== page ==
I logged into FB midday on Mother’s Day because I was feeling like crap. I know. A bad idea. My unconscious hope was to escape my disappointing reality of a day that was NOT going my way. Instead, I immediately headed down the FB rabbit hole, where all sense of time and human relationships disappear. There were, for sure, a few links to interesting articles, but mostly I found myself tripping over photo after photo of picture perfect Mother’s Days of picture perfect families. Walks on the beach, picnics in parks, breakfasts in bed. And everyone was smiling!

“Wow,” I thought to myself. “Those people really have this parenting thing figured out!”

Self pity set in.

If you want to know what my Mother’s Day looked like IRL (without the FB-colored glasses), read on…

The day started out great! By some miracle, my husband and I slept in until 9:30 and got up feeling rested and energized. I took a nice hot shower while he headed to the kitchen to make us all fresh buttermilk pancakes and chop fresh California fruit. The house was warm and smelled yummy.

The boys and I sat at the table as David served us round after round of his fabulous feast. He had even prepared fresh hot chocolate “like (his) mom used to make”.

So far, so good.

And then the shoe dropped.

“What should we do today,” I asked, hoping for descriptions of those adventures I would later see posted on FB.

“We’re not going on any hikes or bike rides!” the boys blurted out, as if they’d rehearsed the skit especially for me on Mother’s Day.

And then my next bad move… I engaged them.

“It’s Mother’s Day, guys. Come on. I want to do something that I like to do.” I was borderline whining.

“Everyday is Mother’s Day!” they retorted. “You always decide what we’re going to do.”

And then the little one chimed in.

“Yeah. And anyway, today is SONday. Get it? So we should get to decide what we’re doing.”

“Funny. To me it seems like every day is SONday. All I’m asking for is just ONE day where we do something I like to do!”

I buried myself deeper.

It felt like my special day was doomed.

As the last of the pancake batter was poured into the pan, the kids got up one by one and went about their business.

One shoved a card in my direction that was very sweet despite its sour delivery. Another went outside to play basketball. The third began tossing an “outside ball” around the living room.

“Happy Mother’s Day!” my husband offered, with not even an attempt to hide the sarcasm. And then he handed me a beautifully wrapped gift. In typical David fashion, he had made a sweet craft of a card. Inside the package was a new skirt that I didn’t really like.

“Thanks,” I said, feigning a smile (not my forte).

I plopped myself down on the couch, feeling like crap.

My husband cleaned the kitchen, gathered up the boys and the dog, and headed to the park.

“Figure out what you want to do,” he said, “and when we get back, we’ll do it.”

They left. And I cried.

Not another crappy Mother’s Day!

After a few minutes my emotional skies cleared and I remembered what I already knew, which was that if I wanted to make something happen I needed to put out a clear intention and share my excitement. I needed to take responsibility for my own happiness.

The reason I received three sweet cards from my boys was that I asked for them. In my bi-yearly request (my birthday and Mother’s Day) I always ask each of them to write me a card telling me three things they appreciate about me. They know the drill and they do it. I don’t write the cards for them, but I do ask them to write them because I know that’s how I feel loved, and I know that’s not how they show it in the day to day. I ask for what I need.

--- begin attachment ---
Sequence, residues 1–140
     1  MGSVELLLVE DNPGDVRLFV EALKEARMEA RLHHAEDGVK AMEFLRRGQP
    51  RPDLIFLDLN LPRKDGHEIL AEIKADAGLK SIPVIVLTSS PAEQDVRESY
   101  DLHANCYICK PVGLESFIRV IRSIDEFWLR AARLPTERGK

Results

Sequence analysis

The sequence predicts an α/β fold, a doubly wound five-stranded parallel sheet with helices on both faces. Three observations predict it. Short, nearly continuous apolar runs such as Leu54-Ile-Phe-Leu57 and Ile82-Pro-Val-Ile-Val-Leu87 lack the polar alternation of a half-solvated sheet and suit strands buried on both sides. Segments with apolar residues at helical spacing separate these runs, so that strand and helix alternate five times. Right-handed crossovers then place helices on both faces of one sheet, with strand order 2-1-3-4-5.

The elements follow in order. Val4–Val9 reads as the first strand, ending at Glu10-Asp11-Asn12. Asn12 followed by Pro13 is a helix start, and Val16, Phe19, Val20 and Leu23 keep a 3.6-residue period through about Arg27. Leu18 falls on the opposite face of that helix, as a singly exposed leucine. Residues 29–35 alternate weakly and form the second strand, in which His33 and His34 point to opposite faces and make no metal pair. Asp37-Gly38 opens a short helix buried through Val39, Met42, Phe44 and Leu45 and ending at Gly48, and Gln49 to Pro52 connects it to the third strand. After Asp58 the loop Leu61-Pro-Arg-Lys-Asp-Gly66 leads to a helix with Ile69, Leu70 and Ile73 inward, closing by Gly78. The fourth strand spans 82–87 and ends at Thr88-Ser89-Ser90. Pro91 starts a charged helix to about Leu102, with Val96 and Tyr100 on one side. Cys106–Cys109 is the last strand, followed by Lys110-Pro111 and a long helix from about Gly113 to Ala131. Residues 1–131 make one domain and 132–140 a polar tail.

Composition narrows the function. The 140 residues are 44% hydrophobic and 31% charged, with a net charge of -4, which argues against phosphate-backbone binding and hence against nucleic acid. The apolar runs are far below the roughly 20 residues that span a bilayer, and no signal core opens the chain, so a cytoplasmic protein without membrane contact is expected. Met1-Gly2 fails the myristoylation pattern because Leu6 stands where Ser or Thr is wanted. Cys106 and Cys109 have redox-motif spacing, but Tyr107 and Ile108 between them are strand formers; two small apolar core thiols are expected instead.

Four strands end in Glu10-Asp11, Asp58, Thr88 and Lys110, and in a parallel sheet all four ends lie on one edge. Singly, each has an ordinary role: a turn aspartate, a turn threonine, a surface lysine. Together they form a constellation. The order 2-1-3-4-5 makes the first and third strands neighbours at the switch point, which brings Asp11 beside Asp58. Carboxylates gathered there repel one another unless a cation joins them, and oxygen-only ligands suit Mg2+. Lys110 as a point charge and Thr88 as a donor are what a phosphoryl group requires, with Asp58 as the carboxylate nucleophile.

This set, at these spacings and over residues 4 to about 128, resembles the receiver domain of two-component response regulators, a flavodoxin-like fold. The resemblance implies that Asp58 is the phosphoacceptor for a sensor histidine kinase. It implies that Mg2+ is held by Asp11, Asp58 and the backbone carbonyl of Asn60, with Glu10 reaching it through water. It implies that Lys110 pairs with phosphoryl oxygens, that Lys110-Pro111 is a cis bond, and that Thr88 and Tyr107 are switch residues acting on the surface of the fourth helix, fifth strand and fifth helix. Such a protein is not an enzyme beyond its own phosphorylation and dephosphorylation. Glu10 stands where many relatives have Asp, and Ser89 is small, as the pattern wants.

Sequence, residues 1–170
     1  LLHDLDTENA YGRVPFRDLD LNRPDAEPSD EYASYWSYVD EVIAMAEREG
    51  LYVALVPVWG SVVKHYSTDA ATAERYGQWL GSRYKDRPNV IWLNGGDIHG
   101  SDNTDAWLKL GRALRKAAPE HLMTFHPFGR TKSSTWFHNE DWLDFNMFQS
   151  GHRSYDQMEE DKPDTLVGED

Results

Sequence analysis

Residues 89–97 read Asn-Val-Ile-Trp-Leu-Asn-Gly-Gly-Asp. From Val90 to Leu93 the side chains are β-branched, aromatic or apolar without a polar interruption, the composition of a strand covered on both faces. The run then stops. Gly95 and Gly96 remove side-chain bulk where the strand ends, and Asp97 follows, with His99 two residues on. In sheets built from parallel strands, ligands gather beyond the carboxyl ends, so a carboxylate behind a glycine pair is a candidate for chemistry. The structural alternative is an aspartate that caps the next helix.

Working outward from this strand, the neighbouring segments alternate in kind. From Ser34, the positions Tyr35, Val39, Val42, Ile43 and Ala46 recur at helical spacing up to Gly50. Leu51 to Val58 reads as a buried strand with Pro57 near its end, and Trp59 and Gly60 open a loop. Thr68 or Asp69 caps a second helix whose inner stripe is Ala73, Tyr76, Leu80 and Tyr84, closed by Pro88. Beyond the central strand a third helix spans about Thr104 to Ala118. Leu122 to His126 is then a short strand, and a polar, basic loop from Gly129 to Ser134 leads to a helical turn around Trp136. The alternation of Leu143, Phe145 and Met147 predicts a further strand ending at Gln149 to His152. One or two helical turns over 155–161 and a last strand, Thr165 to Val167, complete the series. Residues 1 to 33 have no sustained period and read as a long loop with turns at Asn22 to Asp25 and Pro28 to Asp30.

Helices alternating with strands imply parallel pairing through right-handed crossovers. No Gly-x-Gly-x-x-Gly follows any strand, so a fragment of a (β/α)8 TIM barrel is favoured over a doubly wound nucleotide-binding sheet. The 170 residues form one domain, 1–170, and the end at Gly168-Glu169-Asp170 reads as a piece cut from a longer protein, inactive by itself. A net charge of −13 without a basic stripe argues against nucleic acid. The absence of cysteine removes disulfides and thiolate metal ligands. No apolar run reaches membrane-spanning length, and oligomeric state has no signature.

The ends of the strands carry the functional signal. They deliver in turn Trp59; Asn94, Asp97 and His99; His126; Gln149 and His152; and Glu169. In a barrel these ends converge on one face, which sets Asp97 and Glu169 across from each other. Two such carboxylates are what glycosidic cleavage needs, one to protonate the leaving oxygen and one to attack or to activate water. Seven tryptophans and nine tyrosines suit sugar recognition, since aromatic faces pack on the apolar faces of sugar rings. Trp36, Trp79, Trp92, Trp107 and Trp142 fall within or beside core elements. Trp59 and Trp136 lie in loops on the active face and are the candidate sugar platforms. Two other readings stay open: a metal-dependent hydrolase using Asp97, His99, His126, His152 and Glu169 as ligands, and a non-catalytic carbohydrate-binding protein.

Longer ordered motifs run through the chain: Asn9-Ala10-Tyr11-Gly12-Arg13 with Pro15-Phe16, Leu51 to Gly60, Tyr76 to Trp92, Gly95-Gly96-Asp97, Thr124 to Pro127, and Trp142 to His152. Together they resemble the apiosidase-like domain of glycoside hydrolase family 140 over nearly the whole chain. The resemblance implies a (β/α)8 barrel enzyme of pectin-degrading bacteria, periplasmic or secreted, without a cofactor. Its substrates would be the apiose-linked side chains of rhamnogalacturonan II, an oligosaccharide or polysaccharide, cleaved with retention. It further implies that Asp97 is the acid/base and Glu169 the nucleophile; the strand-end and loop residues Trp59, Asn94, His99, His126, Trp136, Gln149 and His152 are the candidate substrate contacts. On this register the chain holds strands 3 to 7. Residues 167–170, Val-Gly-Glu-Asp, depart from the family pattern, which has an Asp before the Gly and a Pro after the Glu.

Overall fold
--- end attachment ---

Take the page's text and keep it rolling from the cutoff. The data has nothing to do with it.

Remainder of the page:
I looked at my watch. The day was ticking away. I texted my husband that I was going to exchange the skirt he’d bought, and asked that he help the kids get their school stuff ready for the week. We’d meet at the house at 4 and head into San Francisco.

When I arrived home at 3:55, there were three additional kids playing basketball in my driveway. I swallowed my disappointment at the lack of everyone sitting in the car, jackets in hand, ready to go.

“We’re leaving in five minutes!” I yell, hoping that either my kids will take note and get ready, or the other kids will suggest that they do.

“Do I have to go?” one shouts back.

I ignore him. I walk in the house and grab my ski jacket, knowing that it will be 20 degrees cooler 40 minutes from here.

After a fairly short argument (2 minutes, maybe) about who has to sit in the middle seat in the back, we’re on our way.

One of the kids brought a box of pre-printed questions to keep us busy on the ride. Nice going, kid!

The car ride, believe it or not, was actually really fun. Lots of traffic, but lots of laughter as we each answered all sorts of interesting questions which shed lots of light on how we are all connected but unique, and think so differently from one another.

San Francisco was amazing! Under the bright blue skies, we played tourist. We watched artists create beautiful skylines out of spray paint, ate at some tourist trap of a restaurant with long lines, mediocre food, and tacky decor, and shimmied our way through a super fun laser maze, landing ourselves in the top ten competitors of the week!

My Mother’s Day wasn’t perfect, but it was actually just fine. It was not one of our family’s best days together, but it was far from the worst. And, most importantly, I was able to reboot about ¾ of the way through it, and take responsibility for creating my own reality. Thinking back, I probably could have even shot one of those perfect Mother’s Day FB photos and stuck it up for you all to see. But I’m me, and I’d rather tell it like it is.



P.S. How was your Mother’s Day? Were you able to overcome a challenge? Did you have a moment of sweetness?